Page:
By EMILY WAGSTER PETTUS
Associated Press Writer
JACKSON, Miss. (AP) - Mississippi lawmakers begin their 2009
session on Tuesday, and everything they do during their three
months at the Capitol will be limited by a lagging economy and a
"Adjusting state spending to the reality of state revenue will
be a very big issue," said Republican Gov. Haley Barbour, who's
beginning his sixth year in office.
Legislators will debate whether to increase the cigarette excise
tax, which, at 18 cents, is currently one of the lowest in the
"I think we're all in agreement that there's going to be a
cigarette, tobacco tax increase," said Lt. Gov. Phil Bryant, a
Republican. "So now it's about how much and where the proceeds
Barbour has blocked attempts to increase the tobacco tax the
past few years, but said several weeks ago that he wants to add 24
cents a pack for premium cigarettes and 43 cents a pack on
cigarettes produced by companies that didn't participate in the
state's 1997 settlement of a lawsuit against the tobacco industry.
Some health advocates and House members say they want taxes to be
$1 a pack.
Officials will consider ways to pump more money into Medicaid
just to get through the current budget year, which ends June 30.
Barbour is reviving one of his ideas that legislators rejected in
2008, a tax on hospitals. Mississippi had different hospital tax
for several years before the federal government blocked it. Now,
some lawmakers say they worry patients will have to pay more if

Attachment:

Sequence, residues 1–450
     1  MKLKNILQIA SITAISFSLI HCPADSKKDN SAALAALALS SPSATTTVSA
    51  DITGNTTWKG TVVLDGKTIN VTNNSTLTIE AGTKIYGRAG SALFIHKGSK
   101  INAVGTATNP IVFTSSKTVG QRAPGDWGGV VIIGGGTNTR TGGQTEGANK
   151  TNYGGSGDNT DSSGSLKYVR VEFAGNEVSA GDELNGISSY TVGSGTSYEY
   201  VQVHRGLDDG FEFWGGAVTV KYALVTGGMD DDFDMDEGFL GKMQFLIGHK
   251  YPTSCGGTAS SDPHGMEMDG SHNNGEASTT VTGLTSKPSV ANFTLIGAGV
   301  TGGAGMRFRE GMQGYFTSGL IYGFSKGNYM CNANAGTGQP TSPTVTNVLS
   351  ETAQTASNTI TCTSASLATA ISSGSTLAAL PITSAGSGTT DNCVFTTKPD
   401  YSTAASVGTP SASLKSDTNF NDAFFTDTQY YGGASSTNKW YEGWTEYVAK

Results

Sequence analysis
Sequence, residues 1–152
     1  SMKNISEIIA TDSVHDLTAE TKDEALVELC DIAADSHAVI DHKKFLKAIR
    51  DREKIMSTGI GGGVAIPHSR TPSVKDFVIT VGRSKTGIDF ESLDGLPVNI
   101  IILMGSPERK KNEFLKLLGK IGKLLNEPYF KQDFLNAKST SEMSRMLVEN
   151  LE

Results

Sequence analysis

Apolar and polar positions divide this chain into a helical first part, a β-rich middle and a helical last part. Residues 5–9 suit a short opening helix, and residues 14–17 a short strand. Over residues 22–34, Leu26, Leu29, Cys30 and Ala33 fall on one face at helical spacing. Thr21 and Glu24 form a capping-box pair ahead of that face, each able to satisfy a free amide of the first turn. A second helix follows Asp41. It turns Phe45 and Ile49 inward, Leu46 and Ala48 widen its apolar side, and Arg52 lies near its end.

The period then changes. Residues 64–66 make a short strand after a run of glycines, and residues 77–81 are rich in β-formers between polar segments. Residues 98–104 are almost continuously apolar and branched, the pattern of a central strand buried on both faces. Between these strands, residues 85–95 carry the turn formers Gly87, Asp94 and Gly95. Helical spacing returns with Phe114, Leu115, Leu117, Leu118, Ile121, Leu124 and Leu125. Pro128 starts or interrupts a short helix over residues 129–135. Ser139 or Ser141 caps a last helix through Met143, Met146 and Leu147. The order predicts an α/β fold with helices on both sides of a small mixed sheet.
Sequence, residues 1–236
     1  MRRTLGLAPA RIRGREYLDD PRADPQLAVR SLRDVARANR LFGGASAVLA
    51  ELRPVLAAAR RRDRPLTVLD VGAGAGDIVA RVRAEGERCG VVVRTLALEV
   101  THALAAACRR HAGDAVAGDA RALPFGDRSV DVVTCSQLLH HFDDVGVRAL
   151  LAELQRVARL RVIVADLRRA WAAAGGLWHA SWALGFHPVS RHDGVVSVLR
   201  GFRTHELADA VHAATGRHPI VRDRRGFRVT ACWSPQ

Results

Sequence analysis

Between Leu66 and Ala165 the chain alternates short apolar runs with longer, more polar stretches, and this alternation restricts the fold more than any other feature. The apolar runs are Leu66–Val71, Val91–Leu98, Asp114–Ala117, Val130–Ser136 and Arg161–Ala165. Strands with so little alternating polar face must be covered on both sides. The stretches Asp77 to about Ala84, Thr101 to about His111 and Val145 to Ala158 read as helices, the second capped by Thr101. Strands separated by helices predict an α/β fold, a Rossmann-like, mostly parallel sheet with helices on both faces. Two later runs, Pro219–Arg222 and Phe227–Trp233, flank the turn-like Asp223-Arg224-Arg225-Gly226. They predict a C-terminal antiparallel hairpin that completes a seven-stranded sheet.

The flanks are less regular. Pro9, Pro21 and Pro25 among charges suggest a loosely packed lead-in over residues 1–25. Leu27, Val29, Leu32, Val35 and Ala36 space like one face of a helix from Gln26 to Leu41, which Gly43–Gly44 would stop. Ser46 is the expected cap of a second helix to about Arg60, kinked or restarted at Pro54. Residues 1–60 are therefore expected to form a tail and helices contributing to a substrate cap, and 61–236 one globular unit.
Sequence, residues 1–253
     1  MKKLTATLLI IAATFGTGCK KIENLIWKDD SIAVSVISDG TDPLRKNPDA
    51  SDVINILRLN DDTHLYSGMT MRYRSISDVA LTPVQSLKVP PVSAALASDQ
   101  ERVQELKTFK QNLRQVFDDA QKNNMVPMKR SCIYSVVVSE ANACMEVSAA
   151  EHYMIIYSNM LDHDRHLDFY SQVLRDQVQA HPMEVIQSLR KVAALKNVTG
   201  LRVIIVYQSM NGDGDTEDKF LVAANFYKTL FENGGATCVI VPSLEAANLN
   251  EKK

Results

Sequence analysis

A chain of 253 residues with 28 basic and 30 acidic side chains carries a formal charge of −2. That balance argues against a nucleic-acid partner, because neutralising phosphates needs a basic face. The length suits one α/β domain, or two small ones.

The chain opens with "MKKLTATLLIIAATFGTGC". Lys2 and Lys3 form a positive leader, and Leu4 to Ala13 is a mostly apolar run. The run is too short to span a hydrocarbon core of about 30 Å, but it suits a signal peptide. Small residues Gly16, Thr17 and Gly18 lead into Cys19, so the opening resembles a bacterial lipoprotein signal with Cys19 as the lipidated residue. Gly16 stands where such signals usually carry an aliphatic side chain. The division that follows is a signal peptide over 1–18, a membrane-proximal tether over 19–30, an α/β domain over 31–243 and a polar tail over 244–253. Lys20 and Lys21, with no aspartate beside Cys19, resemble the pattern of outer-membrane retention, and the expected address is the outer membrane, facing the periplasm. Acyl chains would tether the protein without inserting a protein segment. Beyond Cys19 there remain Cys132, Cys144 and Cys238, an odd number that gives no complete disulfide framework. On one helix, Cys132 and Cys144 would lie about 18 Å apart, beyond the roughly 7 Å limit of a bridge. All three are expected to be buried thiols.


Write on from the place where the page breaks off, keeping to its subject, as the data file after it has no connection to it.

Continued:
hospitals' expenses increase.
Legislators will debate whether to tweak state elections laws,
possibly to allow "no-excuses" early voting or to require voters
to show identification at the polls.
They'll look at tightening standards in public education,
possibly by removing school board members in districts that fall
short in academic achievement.
Legislative leaders and the governor already say they intend to
fully fund the Mississippi Adequate Education Program for the third
year in a row. The complex formula designed to give each school
district enough money to meet midlevel accreditation standards.
"Unless hell goes to Texas, you know, we're going to fully fund
K-12," said House Speaker Billy McCoy, D-Rienzi.
The formula was put into state law in 1997 and phased in over
several years. Officials struggled to find enough money to fully
fund MAEP when the year-to-year increases ran into the hundreds of
millions of dollars. This session, lawmakers say the increase is
relatively painless - only about $60 million.